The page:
Mitsubishi L200 (2006-2015) pick-up review
The Mitsubishi L200 Series 4 looks smart, comes in three body styles and a variety of trim levels
The L200 Series 4 was launched in 2005 and consists of single, club and double-cab models, with the 4Work and 4Life ranges aimed at work users. 4Life and 4Work models are the only single and club-cab models available, all others – Trojan, Warrior, Barbarian and Walkinshaw – are better equipped double-cab models.
All come with part-time four-wheel drive and, except the 4Work and 4Life models, all are equipped with Mitsubishi’s Super Select four-wheel-drive system. Mitsubishi has made the longer load box that was introduced a few years ago with the double cab standard on all double-cab models except the Trojan.
A five-year/125,000-mile warranty was introduced for all L200 models in 2012. Standard equipment includes driver and passenger airbags. 4Life and higher-spec models gain air-conditioning.
The L200 Series 4 was replaced by the L200 Series 5 in 2015.
MPG, CO2 and Running Costs
All L200 Mk4 models are powered by Mitsubishi’s 2.5-litre common-rail diesel. It produces 134bhp for the 4Work and 4Life ranges and 175bhp for the higher-spec double-cab models. A five-speed manual transmission is standard with a five-speed automatic optional with the 175bhp engine.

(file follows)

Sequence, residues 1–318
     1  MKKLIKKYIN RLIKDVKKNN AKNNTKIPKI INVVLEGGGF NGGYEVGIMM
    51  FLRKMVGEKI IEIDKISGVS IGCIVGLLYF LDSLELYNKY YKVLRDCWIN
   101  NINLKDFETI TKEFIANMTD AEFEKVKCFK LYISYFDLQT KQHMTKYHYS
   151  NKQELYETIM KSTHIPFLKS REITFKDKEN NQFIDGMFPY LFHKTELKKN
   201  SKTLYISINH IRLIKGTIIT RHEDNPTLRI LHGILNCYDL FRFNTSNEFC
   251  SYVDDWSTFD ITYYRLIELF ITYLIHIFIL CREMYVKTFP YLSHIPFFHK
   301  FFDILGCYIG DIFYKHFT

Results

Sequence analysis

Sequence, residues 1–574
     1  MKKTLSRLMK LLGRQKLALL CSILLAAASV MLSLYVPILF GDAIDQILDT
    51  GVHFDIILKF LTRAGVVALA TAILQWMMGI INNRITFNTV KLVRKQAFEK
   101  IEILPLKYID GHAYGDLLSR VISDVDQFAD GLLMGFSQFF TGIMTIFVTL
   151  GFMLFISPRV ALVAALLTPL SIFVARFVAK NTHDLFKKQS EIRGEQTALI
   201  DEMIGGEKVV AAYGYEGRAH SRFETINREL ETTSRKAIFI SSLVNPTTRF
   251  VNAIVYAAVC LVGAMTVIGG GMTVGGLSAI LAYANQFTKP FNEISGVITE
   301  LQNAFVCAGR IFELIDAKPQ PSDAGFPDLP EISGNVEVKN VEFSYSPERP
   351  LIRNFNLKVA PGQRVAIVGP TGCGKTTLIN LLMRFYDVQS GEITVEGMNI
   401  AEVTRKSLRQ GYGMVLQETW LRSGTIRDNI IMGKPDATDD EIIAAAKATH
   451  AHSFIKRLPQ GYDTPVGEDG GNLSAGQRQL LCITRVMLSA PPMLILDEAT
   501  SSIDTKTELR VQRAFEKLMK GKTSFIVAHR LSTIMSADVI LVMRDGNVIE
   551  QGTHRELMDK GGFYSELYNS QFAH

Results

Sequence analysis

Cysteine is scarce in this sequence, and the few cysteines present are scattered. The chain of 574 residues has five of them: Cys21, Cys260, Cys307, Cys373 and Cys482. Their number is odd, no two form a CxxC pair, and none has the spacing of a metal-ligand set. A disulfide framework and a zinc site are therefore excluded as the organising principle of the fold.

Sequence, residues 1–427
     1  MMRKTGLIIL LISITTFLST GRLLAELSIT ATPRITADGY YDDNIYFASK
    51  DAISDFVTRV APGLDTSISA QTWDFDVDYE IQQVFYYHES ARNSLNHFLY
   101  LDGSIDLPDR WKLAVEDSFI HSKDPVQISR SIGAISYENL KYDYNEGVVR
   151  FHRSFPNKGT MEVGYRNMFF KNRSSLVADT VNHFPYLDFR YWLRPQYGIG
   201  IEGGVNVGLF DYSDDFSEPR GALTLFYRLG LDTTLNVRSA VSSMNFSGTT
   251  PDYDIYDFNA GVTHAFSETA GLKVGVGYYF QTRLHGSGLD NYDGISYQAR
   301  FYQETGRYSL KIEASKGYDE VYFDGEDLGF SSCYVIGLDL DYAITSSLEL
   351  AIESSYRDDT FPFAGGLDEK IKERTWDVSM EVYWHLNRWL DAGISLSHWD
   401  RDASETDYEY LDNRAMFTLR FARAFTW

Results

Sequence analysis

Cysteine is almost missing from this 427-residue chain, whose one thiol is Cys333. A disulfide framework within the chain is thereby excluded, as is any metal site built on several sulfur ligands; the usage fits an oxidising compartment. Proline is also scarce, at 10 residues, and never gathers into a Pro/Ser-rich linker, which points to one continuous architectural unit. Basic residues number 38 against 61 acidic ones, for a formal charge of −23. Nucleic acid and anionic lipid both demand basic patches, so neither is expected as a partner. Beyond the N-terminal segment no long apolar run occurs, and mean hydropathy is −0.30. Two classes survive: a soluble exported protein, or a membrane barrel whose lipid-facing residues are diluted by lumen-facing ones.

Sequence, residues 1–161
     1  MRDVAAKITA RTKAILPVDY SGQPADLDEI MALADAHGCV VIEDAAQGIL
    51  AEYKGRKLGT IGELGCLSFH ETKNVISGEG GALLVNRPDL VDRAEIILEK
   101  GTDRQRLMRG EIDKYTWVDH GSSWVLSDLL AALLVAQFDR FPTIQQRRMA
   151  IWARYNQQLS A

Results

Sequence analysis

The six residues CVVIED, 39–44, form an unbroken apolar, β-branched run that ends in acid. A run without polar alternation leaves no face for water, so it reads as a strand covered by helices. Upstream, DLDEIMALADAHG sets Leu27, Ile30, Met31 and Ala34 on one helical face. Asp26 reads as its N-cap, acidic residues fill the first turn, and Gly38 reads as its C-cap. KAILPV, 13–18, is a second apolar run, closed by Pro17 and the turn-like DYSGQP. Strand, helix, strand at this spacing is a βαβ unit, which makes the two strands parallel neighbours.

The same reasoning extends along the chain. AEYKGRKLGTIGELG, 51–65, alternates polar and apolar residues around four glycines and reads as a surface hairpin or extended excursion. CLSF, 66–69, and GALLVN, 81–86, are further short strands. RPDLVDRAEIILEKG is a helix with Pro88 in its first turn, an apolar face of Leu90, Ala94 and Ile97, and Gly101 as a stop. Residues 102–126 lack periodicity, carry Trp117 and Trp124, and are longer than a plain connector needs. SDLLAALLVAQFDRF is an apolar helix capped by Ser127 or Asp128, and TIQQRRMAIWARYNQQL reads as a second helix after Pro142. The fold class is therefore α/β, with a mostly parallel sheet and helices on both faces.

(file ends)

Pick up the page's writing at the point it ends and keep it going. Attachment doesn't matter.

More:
134bhp models return combined fuel consumption of 36.7mpg (with CO2 emissions of 204g/km) unladen, which is not as good as the 125bhp Ford Ranger or Isuzu D-Max, but better than the Nissan Navara or Land Rover Defender 110. The 175bhp engine returns 36.7mpg, combined (204g/km CO2 emissions). Economy in the low 30mpg range should be realistic on-road. Nine-thousand-mile service intervals are shorter than most rivals, which include the Ford Ranger, Isuzu D-Max, Land Rover Defender and Nissan Navara.
Car group tests
- Toyota Hilux vs Mitsubishi L200
- Mitsubishi L200 vs Ford Ranger
- SsangYong Musso vs Mitsubishi L200
- Volkswagen Amarok vs Mitsubishi L200 vs Ford Ranger
Load Space and Practicality
The L200 body options include single cab, double cab and extended club cab – the latter is effectively a longer single cab with a pair of folding seats for occasional use behind the front seats. Single-cab models provide a 2,220mm-long load box, which is shorter than the Ford Ranger or Isuzu D-Max. At 1,805mm long, the club cab load box is also one of the shortest, but longer than the Isuzu D-Max.
For the double-cab models, the 1,505mm-long load box fitted to most is longer than the D-Max, but the Trojan model is fitted with the shorter double-cab load box, measuring 1,325mm in length. Only the Land Rover Defender 110 double cab pickup offers a shorter load box. At 1,470mm, the L200’s load box is also narrower than most major competitors, except for the Land Rover Defender 110 pick-up, which is between 800 and 1,160mm wide. The payload allowance is competitive with rivals at 1,045kg - 1,120kg, and ensures that the club-cab and double-cab models would qualify for a refund of VAT for registered customers.